Energy NW Sues for Higher
by Annette Cary
RICHLAND -- Energy Northwest has filed a second lawsuit for reimbursement of its costs to build and operate temporary storage near Richland for used nuclear power fuel.
This month, it was awarded $48.7 million for fuel storage as a result of its first lawsuit. Those damages covered the costs of storing fuel from 1998 through August 2006.
The second lawsuit, filed this month with the U.S. Court of Federal Claims, seeks damages for its costs of storing fuel since then. The amount, including legal costs, is to be determined at trial, according to the court filing.
After the Yucca Mountain, Nev., nuclear repository did not open in 1998, Energy Northwest in 2001 began construction of an outdoor storage pad for used fuel planned to be sent to Yucca Mountain. It expects to have about 39 casks of used fuel from the Columbia Generating Station stored there by 2014.
Ratepayers receiving nuclear energy must pay a fee per kilowatt-hour to DOE for construction and operation of a national nuclear waste repository.
Northwest ratepayers have paid more than $290 million into the fund since Columbia Generating Station, the only commercial nuclear power plant operating in the Northwest, began producing power in 1984.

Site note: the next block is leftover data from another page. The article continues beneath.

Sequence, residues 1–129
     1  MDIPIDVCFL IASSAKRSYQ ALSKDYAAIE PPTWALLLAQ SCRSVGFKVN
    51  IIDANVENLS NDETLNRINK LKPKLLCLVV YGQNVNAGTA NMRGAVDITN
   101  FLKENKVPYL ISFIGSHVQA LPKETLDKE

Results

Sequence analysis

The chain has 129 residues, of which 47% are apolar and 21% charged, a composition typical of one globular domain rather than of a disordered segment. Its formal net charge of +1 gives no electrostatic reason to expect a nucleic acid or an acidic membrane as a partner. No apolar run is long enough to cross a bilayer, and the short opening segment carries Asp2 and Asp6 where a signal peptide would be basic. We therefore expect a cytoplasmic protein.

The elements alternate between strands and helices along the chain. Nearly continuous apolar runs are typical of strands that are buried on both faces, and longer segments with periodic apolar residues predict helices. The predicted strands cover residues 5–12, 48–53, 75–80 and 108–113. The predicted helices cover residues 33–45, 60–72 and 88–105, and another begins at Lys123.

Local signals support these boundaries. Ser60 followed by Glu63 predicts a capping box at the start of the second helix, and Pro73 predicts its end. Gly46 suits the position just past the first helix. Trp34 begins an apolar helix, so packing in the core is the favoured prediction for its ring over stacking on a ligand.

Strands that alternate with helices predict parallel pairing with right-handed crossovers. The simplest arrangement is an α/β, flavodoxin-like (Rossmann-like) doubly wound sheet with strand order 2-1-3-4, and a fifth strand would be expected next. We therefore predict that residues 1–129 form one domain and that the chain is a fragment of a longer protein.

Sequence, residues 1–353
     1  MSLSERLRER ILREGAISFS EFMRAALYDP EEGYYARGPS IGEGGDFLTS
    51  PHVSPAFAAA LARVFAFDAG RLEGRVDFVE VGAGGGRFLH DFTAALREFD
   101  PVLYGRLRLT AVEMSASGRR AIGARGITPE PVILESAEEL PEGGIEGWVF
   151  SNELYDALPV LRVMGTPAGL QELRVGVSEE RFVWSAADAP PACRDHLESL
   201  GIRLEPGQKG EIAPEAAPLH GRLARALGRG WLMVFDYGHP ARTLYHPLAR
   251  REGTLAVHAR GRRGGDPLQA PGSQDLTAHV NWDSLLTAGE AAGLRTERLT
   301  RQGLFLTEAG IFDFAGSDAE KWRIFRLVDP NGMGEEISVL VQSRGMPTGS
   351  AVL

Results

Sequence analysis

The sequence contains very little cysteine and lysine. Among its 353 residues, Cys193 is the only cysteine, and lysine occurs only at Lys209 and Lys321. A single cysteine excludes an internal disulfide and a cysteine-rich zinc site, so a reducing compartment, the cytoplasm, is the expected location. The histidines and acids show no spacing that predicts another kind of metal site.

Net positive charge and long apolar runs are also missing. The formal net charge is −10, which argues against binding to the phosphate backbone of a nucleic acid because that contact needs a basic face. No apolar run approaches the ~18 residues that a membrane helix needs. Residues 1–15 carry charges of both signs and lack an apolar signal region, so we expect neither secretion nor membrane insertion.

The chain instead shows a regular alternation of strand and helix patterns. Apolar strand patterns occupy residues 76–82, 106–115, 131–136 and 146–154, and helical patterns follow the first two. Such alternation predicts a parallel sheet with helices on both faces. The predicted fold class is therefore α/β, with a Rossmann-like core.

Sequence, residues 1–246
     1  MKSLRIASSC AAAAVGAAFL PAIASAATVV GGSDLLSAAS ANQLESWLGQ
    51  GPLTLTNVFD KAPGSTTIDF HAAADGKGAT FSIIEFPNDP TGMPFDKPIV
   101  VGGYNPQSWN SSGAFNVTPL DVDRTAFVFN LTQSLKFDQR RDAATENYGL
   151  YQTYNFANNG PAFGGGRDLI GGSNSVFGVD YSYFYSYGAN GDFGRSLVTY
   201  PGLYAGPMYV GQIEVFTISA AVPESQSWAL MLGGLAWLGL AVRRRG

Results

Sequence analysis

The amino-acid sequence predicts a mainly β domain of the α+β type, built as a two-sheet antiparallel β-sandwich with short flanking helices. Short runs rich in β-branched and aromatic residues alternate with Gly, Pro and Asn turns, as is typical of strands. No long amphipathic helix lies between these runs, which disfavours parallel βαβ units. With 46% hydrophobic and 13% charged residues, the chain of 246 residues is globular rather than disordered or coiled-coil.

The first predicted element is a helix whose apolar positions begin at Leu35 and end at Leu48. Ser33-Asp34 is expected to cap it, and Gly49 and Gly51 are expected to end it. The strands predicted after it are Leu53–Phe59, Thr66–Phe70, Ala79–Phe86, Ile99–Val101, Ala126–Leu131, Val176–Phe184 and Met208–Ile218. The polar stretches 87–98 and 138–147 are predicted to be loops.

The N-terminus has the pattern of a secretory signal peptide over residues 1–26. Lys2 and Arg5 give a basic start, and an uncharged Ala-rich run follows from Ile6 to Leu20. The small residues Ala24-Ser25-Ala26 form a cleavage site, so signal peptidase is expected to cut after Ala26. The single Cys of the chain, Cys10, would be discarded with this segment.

In 2006, the U.S. Court of Federal Claims found that the Department of Energy was in breach of contract with Energy Northwest for failing to accept nuclear fuel in 1998.
When a court ruled July 15 that Energy Northwest was due $48.7 million for its costs through August 2006, Mark Reddemann, Energy Northwest chief executive, said the "judgment does not resolve the issue of long-term storage of used nuclear fuel, nor does it lessen the legal obligation of the federal government to develop and manage that process."
Energy Northwest continues to advocate the completion and use of a national repository.
After the Obama administration decided to shut down work on Yucca Mountain, a Blue Ribbon Commission was created to propose a plan for the nation's used commercial nuclear fuel and defense high level radioactive nuclear waste, including waste at Hanford.
A draft report issued by the commission Friday said that total damage awards to utilities could amount to $16.2 billion if the federal government begins accepting used commercial fuel in 2020. Each year that schedule slips could add about $500 million to the cost.
It said it expected a steady stream of lawsuits, like the one just filed by Energy Northwest, as utilities continue to claim damages.
Settling lawsuits as quickly as possible would reduce unnecessary litigation costs, the draft report said. It recommended settlement agreements, mediation or arbitration.
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